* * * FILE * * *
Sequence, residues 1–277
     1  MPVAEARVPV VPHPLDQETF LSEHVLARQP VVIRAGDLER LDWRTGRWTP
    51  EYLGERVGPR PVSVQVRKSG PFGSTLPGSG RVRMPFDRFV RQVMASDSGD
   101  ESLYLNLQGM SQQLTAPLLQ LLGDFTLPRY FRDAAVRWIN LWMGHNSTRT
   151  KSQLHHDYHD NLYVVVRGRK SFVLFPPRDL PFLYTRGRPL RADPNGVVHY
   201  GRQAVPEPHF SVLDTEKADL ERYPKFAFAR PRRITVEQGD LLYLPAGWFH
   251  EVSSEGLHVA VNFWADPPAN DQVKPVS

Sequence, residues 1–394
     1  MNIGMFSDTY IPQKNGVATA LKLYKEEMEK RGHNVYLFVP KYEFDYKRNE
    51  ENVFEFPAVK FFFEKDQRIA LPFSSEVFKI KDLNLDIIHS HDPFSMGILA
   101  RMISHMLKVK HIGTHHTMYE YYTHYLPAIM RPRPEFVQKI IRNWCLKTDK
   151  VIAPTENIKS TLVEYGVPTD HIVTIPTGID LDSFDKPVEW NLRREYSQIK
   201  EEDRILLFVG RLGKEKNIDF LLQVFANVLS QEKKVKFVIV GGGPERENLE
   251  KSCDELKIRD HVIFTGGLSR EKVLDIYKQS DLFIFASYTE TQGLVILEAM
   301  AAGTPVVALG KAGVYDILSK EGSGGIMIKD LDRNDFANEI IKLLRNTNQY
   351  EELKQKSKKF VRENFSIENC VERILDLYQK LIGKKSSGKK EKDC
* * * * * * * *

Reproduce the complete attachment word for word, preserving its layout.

Sequence, residues 1–277
     1  MPVAEARVPV VPHPLDQETF LSEHVLARQP VVIRAGDLER LDWRTGRWTP
    51  EYLGERVGPR PVSVQVRKSG PFGSTLPGSG RVRMPFDRFV RQVMASDSGD
   101  ESLYLNLQGM SQQLTAPLLQ LLGDFTLPRY FRDAAVRWIN LWMGHNSTRT
   151  KSQLHHDYHD NLYVVVRGRK SFVLFPPRDL PFLYTRGRPL RADPNGVVHY
   201  GRQAVPEPHF SVLDTEKADL ERYPKFAFAR PRRITVEQGD LLYLPAGWFH
   251  EVSSEGLHVA VNFWADPPAN DQVKPVS

Sequence, residues 1–394
     1  MNIGMFSDTY IPQKNGVATA LKLYKEEMEK RGHNVYLFVP KYEFDYKRNE
    51  ENVFEFPAVK FFFEKDQRIA LPFSSEVFKI KDLNLDIIHS HDPFSMGILA
   101  RMISHMLKVK HIGTHHTMYE YYTHYLPAIM RPRPEFVQKI IRNWCLKTDK
   151  VIAPTENIKS TLVEYGVPTD HIVTIPTGID LDSFDKPVEW NLRREYSQIK
   201  EEDRILLFVG RLGKEKNIDF LLQVFANVLS QEKKVKFVIV GGGPERENLE
   251  KSCDELKIRD HVIFTGGLSR EKVLDIYKQS DLFIFASYTE TQGLVILEAM
   301  AAGTPVVALG KAGVYDILSK EGSGGIMIKD LDRNDFANEI IKLLRNTNQY
   351  EELKQKSKKF VRENFSIENC VERILDLYQK LIGKKSSGKK EKDC